In the semifinals, AHU’s opponent was once again the Riverside Rangers. A chance at redemphe first weekend in November saw two Arizona tion was all the Knights wanted. Hockey Union teams attend the CCM World InAn early first-period power play saw the Rangers vitational tournaments – the 16U AA Silver group quickly go up 1-0. With a minute to go in the first, went to Chicago, while 10U Squirt Purple headed to Conner Brown set up Friend with a picture-perfect Port Huron, Mich./Sarnia, Ont., Canada. pass to tie the game up at 1-all. The Rangers came The 16U AA Silver team entered the AAA division out fast, netting two goals in 90 seconds to take the knowing they would be facing some of the top teams lead 3-1 heading into the third. in the nation, and they were not disappointed. Unbelievable goaltending from Gibbs held off “We started off the tournament 3-0 and the the Rangers onslaught in the third and a big goal fourth game, we played one of the best teams in late in the period by Brown, assisted by Jake Gathe country,” said AHU 16U AAA Silver coach Jabrick, brought the Knights to within one. That is son Evahnenko. “The first period, we got down where it would stay – there would be no come4-1 and with no scoring in the second or third, back. Purple left it all on the ice, but came up just the game ended that way. As a coach, you always short. must evaluate where your team came from and Nguyen, Brown and Friend led the team with where it is going. A few years ago at the same eight points each and Gibbs posted two shutouts tournament, we went 0-4. This year, we went 3-1. throughout the weekend. We couldn’t be prouder of their growth, developThese nearly 2,000-mile journeys are a small ment and commitment to the game.” The Arizona Hockey Union’s 10U Squirt Purple team traveled to Port Hu- price to pay when it comes to the growth of youth The 10U Purple team has been to many tourna- ron, Mich., and Sarnia, Ont., Canada, the first weekend in November for hockey players. The physical and mental challengments in recent years, but has never headed north the CCM World Invitational and made a stellar run to the semifinals. es these players go up against with new and inof the border – until now. creased competition only add to their development any momentum and they fell 9-4. Their initial game pitted them against the Sting Just like great teams do, AHU rebounded quick- as players and teammates. out of Sarnia. There is a saying in sports that you ly against the Indy Racers, winning Game 4 by a The upcoming Thanksgiving holiday weekend will either win or you learn. Let’s just say the Knights score of 4-0 in a penalty-filled affair, placing third see 16U AA Silver playing at the International Silver learned this game. Sarnia controlled the game from in round-robin play. The flawless shutdown defense Stick qualifying tournament in Las Vegas, while 11 start to finish and Purple fell 5-1 with a late third-pe- of Ben Elarth and Maddux Hoover proved too AHU teams – and 41 teams total – will battle it out riod goal by Austin Nguyen to spoil the shutout. much for the Racers offense. Gibbs was stellar once at the 16th Annual AHU Thanksgiving Shootout in The Knights put it together in Game 2 and again, turning aside all 18 shots he faced. Phoenix. ​​ By Bryan O’Sullivan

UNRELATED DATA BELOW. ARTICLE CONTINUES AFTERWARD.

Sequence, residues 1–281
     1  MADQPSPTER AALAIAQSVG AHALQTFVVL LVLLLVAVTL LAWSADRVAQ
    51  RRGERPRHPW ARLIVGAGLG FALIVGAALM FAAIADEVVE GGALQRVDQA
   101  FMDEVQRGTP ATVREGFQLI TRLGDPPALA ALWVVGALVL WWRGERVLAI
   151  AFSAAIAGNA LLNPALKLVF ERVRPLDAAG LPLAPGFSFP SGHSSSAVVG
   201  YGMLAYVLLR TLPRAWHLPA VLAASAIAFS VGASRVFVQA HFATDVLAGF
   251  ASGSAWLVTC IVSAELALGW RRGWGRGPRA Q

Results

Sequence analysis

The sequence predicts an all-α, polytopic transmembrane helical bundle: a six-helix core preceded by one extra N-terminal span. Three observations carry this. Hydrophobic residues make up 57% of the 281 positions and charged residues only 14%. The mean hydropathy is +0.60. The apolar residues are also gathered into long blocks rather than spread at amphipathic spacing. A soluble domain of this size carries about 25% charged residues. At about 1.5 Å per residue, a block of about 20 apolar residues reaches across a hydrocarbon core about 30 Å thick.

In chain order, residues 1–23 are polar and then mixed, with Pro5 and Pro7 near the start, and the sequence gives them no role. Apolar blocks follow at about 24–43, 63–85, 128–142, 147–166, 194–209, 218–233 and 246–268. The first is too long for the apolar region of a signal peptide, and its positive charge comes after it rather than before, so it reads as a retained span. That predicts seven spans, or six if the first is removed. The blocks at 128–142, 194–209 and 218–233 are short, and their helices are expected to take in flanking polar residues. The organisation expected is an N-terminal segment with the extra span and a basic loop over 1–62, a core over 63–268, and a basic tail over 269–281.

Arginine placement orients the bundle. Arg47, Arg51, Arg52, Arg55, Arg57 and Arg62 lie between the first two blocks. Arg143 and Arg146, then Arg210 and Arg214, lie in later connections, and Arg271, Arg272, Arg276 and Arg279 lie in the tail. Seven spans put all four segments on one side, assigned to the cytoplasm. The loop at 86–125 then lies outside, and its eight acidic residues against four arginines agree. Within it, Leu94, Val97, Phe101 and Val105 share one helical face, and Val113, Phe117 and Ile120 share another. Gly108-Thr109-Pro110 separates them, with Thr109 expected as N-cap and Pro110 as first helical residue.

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Arizona Rubber Hockey Magazine


NORTHERN ARIZONA UNIVERSITY FLAGSTAFF YOUTH HOCKEY ASSOCIATION Is your coaching staff equipped IceJacks finding rookies, to handle basic first aid, CPR? veterans ‘meshing extremely well’ By Matt Mackinder

By Scott Robinson

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s your team prepared? A player has been injured and is lying on the ice motionless. Someone from the coaching staff exits the bench to assess the extent of the player’s injuries, only to realize upon exam that the player has suffered a skate laceration to the back of his leg. The Arizona High School Hockey Association issues first aid bags to all high school teams in order to treat cuts and various injuries, and also recommends that coaching staffs review a basic first aid video. I have noted, however, that it appeared only high school was providing bags to their teams, but not all club travel teams carry first aid bags. I brought the recommendation to our association (Flagstaff Youth Hockey Association) that we need to provide a first aid bag for each team. I also suggested that our coaching staff (if not already trained) should take a basic first aid/CPR class in order to be better prepared. In September of this year, FYHA issued basic first aid bags to each of its travel teams. After the first week of issue, a player received a serious deep laceration from a skate blade to the top of her foot while changing in the locker room. The bandaging from the team’s first aid bag came in handy to control the bleeding and dress the wound properly until seen by emergency room staff. Having been a Los Angeles County paramedic for over 25 years and the manager of our 16U AA team, I assembled an extensive first aid/trauma bag for our team, which includes an AED (automatic external defibrillator). Most rinks have an AED located somewhere in their lobby, but as with a major bleed, a sudden cardiac event, time is critical, and I feel an AED should be close to the player’s bench. Some high school teams are carrying AEDs in their own personal first aid packs. Bottom line – your team needs to be prepared for a medical event on the ice.